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How to select the best bicycle lights for touring

Alia Parker's picture
Moon X-Power 500 bike headlight. Cycle Traveller

Most cycle touring takes place in the day and as a result, the importance of having adequate bike lights is often overlooked. It's easy to forget that there are many situations in which visibility may be poor, whether it be dark and stormy, rainy, misty, foggy, dawn, dusk and of course, night. In any of these circumstances, you need to make sure you are visible, not just for your own safety, but for the safety of others using the road. There are many bike lights on the market and many of them won't be suitable for touring. For instance, some compact lights are great for catching the attention of motorists, but that same light might not throw a beam strong enough for you to see where you're going if there is no street lighting.

What you need

  • A bright front and rear light others can see
  • A headlight that throws a beam so you can see ahead
  • Flashing mode options (drivers associate flashing lights with cyclists)
  • Water resistance for rainy and damp weather
  • Good battery life if in remote areas
  • Multi purpose (optional)

How bright is bright enough?

Serfas Raider compact front light. Cycle Traveller

Even if you don't plan to ride in the dark, there are many circumstances in which you might find yourself racing the sun. If you're riding in an area with plenty of street lighting, a compact headlight like the Serfas Raider (USB rechargeable/70 lumens) or the Ilumenox Highpower (3xAAA batteries/85 lumens) will be fine. These lights are designed to be bright and attract attention and throw a soft glow of light immediately in front of you. However, if you are riding through areas with no street lighting, you will need a stronger headlight that will throw a beam of light ahead of you, allowing you to safely navigate obstacles. A safe brightness for riding is a light of at least 150 lumens or more. I personally recommend something between 200 and 500 lumens, such as the Moon Power 500 (lithium battery/500 lumens) or the Serfas 250 (USB rechargeable/250 lumens). They are both good quality, weatherproof options that will cover all your bases.

What is a lumen?

Light manufacturers use different measurements when it comes to determining how bright a light is, including lumens, LUX, candle power, metres and yards. These measures aren't directly comparable, which makes it frustrating when comparing products.

Candle power generally measures the intensity of a beam, while lumens measures the total production of light. The two measures are quite similar, but result in slightly different results. A LUX is the lumens per square foot. Most products will only provide one measurement, however, the Iluminox Highpower SS-L122W states all three, providing a good gauge. For this light, 85 lumens is equivalent to 18 LUX or 1800 candle power.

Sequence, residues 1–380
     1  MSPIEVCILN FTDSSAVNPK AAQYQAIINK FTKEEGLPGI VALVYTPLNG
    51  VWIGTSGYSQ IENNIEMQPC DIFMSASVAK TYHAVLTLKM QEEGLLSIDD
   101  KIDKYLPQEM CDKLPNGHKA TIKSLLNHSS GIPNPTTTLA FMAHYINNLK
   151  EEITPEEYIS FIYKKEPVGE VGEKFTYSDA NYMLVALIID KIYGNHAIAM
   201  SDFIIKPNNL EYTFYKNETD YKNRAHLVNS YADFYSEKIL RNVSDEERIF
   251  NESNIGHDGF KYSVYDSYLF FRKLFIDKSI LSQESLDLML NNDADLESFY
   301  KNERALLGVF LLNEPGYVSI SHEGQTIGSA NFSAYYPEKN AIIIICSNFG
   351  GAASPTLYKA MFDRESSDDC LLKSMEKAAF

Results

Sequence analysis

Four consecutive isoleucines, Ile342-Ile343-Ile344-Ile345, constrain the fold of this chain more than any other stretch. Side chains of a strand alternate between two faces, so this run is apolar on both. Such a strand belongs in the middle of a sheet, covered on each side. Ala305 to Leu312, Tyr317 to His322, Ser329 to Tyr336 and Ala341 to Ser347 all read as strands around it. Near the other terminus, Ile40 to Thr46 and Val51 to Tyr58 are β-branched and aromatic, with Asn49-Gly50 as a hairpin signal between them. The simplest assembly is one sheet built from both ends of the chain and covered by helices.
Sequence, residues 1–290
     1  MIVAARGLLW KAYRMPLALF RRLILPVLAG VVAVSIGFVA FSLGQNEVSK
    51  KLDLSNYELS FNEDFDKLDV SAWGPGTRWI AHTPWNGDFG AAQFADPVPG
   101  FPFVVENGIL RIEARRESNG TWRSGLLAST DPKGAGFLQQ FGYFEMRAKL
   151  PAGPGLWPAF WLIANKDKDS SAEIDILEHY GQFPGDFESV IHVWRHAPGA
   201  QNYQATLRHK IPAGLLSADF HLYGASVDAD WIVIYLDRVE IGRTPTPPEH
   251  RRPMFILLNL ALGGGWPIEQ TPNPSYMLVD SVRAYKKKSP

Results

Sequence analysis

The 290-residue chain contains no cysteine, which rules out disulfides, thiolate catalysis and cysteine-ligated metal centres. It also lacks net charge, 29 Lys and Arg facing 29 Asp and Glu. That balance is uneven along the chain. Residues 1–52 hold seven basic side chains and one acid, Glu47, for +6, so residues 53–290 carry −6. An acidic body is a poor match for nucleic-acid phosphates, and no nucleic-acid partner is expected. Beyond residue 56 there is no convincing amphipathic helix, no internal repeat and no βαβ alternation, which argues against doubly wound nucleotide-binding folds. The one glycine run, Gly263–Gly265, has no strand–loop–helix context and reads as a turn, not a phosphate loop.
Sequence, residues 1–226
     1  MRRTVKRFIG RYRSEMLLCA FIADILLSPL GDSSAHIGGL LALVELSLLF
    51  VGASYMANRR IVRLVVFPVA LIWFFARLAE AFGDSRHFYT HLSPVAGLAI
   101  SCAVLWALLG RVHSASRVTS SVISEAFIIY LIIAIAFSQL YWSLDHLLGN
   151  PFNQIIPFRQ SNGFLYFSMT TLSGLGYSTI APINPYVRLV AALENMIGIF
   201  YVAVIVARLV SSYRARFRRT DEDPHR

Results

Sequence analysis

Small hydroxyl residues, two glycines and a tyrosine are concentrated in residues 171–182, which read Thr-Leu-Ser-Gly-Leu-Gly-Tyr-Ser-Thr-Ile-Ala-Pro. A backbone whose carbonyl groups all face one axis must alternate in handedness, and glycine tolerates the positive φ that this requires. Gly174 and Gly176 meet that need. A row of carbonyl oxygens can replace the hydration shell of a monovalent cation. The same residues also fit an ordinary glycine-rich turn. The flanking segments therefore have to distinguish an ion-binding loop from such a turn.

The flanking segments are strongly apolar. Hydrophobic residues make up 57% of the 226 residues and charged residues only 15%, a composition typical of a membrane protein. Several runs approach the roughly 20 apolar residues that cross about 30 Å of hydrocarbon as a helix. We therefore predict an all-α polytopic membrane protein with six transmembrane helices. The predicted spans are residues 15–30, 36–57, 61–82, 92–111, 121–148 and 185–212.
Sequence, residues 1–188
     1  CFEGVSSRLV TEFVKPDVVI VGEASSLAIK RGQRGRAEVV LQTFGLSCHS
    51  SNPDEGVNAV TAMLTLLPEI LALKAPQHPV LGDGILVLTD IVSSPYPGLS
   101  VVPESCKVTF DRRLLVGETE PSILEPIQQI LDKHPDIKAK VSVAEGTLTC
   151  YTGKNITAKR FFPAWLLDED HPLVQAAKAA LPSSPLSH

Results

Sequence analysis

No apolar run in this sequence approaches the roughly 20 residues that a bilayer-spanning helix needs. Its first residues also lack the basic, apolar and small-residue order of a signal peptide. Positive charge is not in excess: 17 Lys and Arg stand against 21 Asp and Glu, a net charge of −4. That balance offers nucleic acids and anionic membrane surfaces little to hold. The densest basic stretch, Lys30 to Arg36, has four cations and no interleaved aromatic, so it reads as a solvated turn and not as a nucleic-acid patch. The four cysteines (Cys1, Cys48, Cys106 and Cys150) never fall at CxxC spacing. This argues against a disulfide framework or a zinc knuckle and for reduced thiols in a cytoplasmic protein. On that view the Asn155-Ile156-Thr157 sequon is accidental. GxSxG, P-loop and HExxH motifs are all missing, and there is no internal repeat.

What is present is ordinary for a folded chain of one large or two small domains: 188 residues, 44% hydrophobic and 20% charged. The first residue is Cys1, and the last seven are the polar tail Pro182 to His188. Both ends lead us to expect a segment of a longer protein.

Rear lights

BBB BLS Highlaser rear bike light. Cycle Traveller

Rear lights don't need to throw a beam, but it is important that they are bright and have a flashing function. Drivers will notice a bright flashing red light faster and they have also learned to associate these lights with cyclists. Something with a minimum of 50 lumens should tick this box. The Tioga Duel Eyes (USB or AAA battery versions) rates well in this regard and claims to be seen from 1,500m away. The BBB BLS-Highlaser (AAA batteries) is another good option. Combine this with rear reflectors.


Weight is always a consideration for cycle tourers, so gear that serves more than one purpose is always handy. One option is to use a hiking headlamp instead of a bike-mounted light. These lights are not as bright as bike lights, but will get noticed by drivers and get you by in a scrape. The head strap can be used to position the light on a helmet or around a handlebar bag. Something like the Black Diamond Storm Headlamp (4xAA batteries) is 100 lumens, waterproof and also has a flashing option. These lights are then great for getting about campsites at night or reading in a tent.

USB vs Batteries

Many of today's brightest lights are now rechargeable because they drain batteries too quickly. This is great if you're staying in towns and able to charge your light, but it can be a little difficult when you're off the grid (unless of course you're creating your own power with a dynamo hooked up to a USB socket, but that's a different story. Read: How to create electricity and charge devices using your bike.)

Lithium AAA battery powered lights are a good option for touring because they last longer than normal batteries and can also be recharged when possible.

Water resistance

It's worth investing in lights that offer a high degree of water resistance. This is because touring often involves stints riding in overcast conditions and rain. It's very important to be lit up in instances such as these where visibility may be poor and roads slippery.

Note: All the above lights have received above average reviews. The lights mentioned in this article also rated well in a test by Bicycle Network Australia.

Images from top: 1. Moon X-Power 500 headlight. 2. Serfas Raider compact LED USB rechargeable front light. 3. BBB BLS Highlaser rear light.


Best light I is 1watt Cherry bomb rear light 2x aaa batt. you can see It in day time.
From Pushy $ one on my roady and on my tourer.

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